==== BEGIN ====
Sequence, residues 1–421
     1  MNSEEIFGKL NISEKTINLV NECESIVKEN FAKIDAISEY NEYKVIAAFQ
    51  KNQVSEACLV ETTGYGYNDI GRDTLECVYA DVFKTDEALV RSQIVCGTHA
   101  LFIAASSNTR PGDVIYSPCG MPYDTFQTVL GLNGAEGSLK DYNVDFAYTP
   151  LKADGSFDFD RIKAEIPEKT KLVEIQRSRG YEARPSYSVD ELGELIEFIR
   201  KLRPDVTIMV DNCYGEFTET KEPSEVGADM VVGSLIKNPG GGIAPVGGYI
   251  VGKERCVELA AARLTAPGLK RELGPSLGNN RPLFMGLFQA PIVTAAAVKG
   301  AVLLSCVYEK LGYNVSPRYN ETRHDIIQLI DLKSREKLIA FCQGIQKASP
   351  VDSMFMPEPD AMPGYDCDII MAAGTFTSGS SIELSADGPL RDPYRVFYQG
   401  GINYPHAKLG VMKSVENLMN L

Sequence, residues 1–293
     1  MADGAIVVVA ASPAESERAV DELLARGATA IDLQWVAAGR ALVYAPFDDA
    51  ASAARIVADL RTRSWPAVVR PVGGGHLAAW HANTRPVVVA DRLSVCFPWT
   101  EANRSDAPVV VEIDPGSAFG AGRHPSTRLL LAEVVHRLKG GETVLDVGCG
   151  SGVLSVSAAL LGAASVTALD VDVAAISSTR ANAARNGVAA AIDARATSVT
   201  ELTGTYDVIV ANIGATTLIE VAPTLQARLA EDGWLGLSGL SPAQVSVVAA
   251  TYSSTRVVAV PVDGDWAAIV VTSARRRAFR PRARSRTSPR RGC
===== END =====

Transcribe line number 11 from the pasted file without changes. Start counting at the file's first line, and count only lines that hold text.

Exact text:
Sequence, residues 1–293